Governments need to improve data collection as a mean to better assess the situation of vulnerable groups, a UN independent expert on racism said today, noting that “the right to be free from discrimination includes the right to access information that could serve as evidence to prove discrimination.”
“The lack of disaggregated data has led to a serious information gap that limits the effective identification of population groups that are suffering discrimination,” the UN Special Rapporteur on contemporary forms of racism, Mutuma Ruteere, said after presenting his latest report to the UN General Assembly.
“It also hinders adequate policymaking at the national, regional and international levels and promotes impunity,” Mr. Ruteere said.
He noted that, although there is no clearly stated international obligation to collect ethnic data, the human rights legal framework provides a strong mandate to gather this kind of data.
“The right to be free from discrimination includes the right to access information that could serve as evidence to prove discrimination,” he said.
The human rights expert acknowledged the fears and anxieties expressed by some states and vulnerable groups regarding the collection of sensitive data, but he said that these concerns can be overcome if strict human rights rules are observed, including the right to privacy, the protection of data, the establishment of participatory processes based on informed consent as well as the self-identification of respondents.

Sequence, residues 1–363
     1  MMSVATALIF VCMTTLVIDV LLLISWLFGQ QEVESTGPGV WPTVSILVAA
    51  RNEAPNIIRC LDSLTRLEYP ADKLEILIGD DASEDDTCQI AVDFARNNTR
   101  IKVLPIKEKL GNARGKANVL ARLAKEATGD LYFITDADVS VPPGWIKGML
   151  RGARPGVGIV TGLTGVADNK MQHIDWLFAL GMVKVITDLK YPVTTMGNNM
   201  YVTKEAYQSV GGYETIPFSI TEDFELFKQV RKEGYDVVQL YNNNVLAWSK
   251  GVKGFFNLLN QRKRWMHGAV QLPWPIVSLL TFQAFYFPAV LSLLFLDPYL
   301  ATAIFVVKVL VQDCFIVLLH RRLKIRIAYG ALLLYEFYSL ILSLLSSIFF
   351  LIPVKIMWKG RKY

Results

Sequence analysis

“The collection of data disaggregated by ethnicity on economic, social, cultural, civil and political indicators is a pre-requisite if we are to identify patterns of discrimination and existing gaps,” Mr. Ruteere said. “Through better data collection, discriminated groups will become more visible and get better protection.”
Equality is at the heart of the newly adopted sustainable development agenda which, under Goal 17, calls for the collection of disaggregated data to measure progress while leaving “no one behind,” to promote and foster non-discrimination while upholding the universality of human rights, he said.
“At a time where the international community is discussing how to measure progress on the new agenda, the adoption of indicators capturing levels of discrimination will demonstrate States’ commitment,” Mr. Ruteere said.
Mr. Ruteere was appointed by the Human Rights Council as Special Rapporteur on contemporary forms of racism, racial discrimination, xenophobia and related intolerance in November 2011. As Special Rapporteur, he is independent from any government or organisation and serves in his individual capacity. He is not UN staff and does not receive a salary for their work.